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I'm developing in a linux environment and the system is intended to run continuously over a long period of time. After an overnight test we see the FileNotFoundException with a message of "Too Many Files Open". We started logging the output of the lsof command at various times in the system to see if we can see what is happening. We noticed lots of unnamed pipes opened. So I figured these were due to File Streams not getting closed. I searched through the source for any *Stream objects used and made sure they were all getting closed in a finally{} block. Are there any other Java object types that I could search for that I might not be closing that would cause all these unnamed pipes to be opened?

Also, my ulimit is 1024 and I also searched for *Writer and made sure those were all closing too.

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Unnamed pipes? Can you paste a sample line of the lsof output? Are you using any third party libraries that could possibly be part of the problem? – Codo Sep 15 '11 at 18:20
Also, are you creating any tmp files? .... and why not try to increase the ulimit as well. – Usman Saleem Sep 15 '11 at 23:10
Look for Sockets as well... These use file descriptors as well (at least on UNIXes). – Romain Sep 16 '11 at 8:45
up vote 2 down vote accepted

YourKit might be worth a look. Its probes are meant to help with this type of problems, although I've never had the occasion to try that functionality myself.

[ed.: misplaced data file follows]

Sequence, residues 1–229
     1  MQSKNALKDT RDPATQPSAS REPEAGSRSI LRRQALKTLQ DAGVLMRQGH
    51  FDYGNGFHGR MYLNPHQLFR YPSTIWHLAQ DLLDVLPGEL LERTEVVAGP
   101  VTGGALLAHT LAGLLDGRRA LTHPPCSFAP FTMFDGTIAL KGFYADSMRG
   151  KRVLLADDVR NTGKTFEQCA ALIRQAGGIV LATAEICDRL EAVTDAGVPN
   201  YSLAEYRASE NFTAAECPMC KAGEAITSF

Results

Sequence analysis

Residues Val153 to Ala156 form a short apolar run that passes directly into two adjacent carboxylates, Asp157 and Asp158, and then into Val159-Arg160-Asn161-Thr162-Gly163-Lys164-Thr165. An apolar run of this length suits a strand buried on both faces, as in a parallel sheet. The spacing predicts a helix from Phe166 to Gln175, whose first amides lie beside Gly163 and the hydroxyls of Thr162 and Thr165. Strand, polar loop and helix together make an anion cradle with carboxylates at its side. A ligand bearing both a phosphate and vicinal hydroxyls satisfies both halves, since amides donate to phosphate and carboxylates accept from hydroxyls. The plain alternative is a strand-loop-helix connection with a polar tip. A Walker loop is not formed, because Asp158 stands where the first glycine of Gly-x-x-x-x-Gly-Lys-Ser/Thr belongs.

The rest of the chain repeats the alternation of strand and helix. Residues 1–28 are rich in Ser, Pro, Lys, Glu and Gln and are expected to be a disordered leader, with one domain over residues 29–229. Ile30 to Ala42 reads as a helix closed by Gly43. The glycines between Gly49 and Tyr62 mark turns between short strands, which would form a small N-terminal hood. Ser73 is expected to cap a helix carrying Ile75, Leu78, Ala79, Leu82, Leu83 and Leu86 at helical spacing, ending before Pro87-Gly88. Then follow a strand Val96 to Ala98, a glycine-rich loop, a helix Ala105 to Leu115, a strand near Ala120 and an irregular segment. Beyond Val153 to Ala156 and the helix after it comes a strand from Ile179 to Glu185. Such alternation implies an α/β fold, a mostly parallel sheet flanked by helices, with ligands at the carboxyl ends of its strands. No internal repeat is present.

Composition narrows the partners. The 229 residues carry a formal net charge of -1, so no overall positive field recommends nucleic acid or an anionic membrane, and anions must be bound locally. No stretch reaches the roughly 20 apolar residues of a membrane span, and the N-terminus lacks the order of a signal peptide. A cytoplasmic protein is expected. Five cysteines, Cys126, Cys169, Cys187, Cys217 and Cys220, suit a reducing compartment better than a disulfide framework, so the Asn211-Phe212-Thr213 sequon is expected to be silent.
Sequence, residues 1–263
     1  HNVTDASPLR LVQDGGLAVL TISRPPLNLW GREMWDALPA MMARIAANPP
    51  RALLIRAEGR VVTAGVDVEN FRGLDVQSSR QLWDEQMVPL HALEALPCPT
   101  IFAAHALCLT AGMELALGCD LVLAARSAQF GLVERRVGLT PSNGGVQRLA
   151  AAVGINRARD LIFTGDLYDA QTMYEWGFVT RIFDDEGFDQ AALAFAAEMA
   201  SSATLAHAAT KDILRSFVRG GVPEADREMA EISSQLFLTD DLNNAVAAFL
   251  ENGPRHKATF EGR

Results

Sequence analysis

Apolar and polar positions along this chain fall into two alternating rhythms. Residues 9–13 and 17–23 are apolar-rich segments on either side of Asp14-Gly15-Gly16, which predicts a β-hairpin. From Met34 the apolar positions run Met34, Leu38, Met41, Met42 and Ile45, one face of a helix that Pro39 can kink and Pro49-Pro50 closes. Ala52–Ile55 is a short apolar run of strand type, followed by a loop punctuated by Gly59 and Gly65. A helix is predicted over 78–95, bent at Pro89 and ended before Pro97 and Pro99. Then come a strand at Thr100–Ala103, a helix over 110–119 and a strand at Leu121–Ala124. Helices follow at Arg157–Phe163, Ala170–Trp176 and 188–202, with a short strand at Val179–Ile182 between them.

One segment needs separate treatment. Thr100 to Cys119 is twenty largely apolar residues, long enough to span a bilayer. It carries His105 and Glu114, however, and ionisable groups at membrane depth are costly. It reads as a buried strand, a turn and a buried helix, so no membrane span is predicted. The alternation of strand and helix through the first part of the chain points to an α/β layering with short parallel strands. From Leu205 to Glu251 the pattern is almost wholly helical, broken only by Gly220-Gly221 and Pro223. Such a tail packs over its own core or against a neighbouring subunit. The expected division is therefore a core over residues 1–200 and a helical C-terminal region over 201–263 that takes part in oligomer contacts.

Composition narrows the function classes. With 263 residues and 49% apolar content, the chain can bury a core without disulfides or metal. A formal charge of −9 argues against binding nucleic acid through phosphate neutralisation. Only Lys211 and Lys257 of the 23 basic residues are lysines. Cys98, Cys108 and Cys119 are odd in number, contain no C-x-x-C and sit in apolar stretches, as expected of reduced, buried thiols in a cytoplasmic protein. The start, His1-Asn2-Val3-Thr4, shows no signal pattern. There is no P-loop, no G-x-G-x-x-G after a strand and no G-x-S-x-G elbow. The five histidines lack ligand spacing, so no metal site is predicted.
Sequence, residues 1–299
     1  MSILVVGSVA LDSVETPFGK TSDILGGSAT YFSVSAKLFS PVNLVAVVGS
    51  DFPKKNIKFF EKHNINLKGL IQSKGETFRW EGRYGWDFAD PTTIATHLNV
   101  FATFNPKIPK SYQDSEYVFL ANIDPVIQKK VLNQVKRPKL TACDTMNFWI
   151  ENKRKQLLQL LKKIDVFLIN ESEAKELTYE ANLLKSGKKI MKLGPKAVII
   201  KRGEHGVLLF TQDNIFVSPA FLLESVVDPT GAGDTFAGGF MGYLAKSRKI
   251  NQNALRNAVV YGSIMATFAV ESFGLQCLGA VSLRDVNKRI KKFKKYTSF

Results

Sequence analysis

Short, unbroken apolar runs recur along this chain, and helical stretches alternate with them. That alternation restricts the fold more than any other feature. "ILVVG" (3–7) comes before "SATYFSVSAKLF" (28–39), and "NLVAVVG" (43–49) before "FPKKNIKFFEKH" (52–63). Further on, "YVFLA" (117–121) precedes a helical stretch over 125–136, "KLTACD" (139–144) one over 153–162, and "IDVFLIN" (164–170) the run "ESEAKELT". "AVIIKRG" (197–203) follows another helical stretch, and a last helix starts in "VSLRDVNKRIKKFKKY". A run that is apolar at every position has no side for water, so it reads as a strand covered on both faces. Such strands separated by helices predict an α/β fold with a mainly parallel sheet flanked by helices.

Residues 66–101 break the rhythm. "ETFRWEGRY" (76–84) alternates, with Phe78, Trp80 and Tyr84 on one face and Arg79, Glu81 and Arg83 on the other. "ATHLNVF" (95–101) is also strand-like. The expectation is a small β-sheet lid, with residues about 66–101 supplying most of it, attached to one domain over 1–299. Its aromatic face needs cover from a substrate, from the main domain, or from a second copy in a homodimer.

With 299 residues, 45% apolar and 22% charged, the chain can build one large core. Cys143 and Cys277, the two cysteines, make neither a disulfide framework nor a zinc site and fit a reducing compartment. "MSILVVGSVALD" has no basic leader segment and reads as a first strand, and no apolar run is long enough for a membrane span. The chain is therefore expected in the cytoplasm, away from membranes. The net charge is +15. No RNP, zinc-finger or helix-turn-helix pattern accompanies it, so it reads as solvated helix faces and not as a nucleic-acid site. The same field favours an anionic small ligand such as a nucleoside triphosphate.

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After doing research on YourKit and other profilers I realized that the IDE I was using actually has a profiler built-in. We ended up finding the problem before messing around with any profiler but it looks like those profiling tools are definitely the way to go in the future. I'll have to play around with one whenever I get the time. Thanks for the tip. – Nick Nov 3 '11 at 22:49
So what was the root cause of the problem? – Aquarelle Feb 26 '14 at 0:43
5 Years later now I can't remember what the problem ended up being. My vague recollection was that it was something stupid. We were doing a ton of threading and the complexity of the project really got out of hand which definitely made it harder to identify the problem. – Nick Jan 13 at 19:15

I'm assuming your ulimit is the output of ulimit -n. 1024 is a fairly small number of file descriptors to allow for in a production system. For a debugging step, rather than running lsof at random times and trying to correlate, why not catch the FileNotFound exception and run a Runtime.exec("lsof") and print the output to a log file to get a fairly accurate view of exactly what file descriptors were used when the problem occurred.

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I think Runtime.exec might use pipes to get stdin / stdout. In that case it wouldn't work anymore when file descriptors run out. – extraneon Sep 16 '11 at 8:05
That's a good point. I'm almost positive you're right about using stdin and stdout pipes, but if it's an intermittent problem where you are often close to the limit and occasionally hit it, triggering the FileNotFound exception, it could possible still work in practice if you put a short sleep before checking lsof. – dlawrence Sep 16 '11 at 8:17
@extraneon is correct. Runtime.exec won't work for the lsof command once we hit the FileNotFound exception. That is why we were doing it periodically during the code. – Nick Nov 3 '11 at 22:47

Other classes that might leak file descriptors are FileChannel and RandomAccessFile - the latter doesn't even seem to have a finalizer, so its leaks might be permanent.

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